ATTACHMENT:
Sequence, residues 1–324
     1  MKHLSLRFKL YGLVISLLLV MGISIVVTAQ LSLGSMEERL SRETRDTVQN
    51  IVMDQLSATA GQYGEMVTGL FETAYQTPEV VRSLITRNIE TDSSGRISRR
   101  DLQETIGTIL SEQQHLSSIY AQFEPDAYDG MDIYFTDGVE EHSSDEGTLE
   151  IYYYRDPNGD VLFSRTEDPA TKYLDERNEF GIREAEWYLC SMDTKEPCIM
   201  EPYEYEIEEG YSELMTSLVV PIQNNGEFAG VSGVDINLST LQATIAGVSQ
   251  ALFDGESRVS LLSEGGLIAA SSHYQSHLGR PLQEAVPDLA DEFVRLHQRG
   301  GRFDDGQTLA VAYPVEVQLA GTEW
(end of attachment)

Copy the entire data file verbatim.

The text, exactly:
Sequence, residues 1–324
     1  MKHLSLRFKL YGLVISLLLV MGISIVVTAQ LSLGSMEERL SRETRDTVQN
    51  IVMDQLSATA GQYGEMVTGL FETAYQTPEV VRSLITRNIE TDSSGRISRR
   101  DLQETIGTIL SEQQHLSSIY AQFEPDAYDG MDIYFTDGVE EHSSDEGTLE
   151  IYYYRDPNGD VLFSRTEDPA TKYLDERNEF GIREAEWYLC SMDTKEPCIM
   201  EPYEYEIEEG YSELMTSLVV PIQNNGEFAG VSGVDINLST LQATIAGVSQ
   251  ALFDGESRVS LLSEGGLIAA SSHYQSHLGR PLQEAVPDLA DEFVRLHQRG
   301  GRFDDGQTLA VAYPVEVQLA GTEW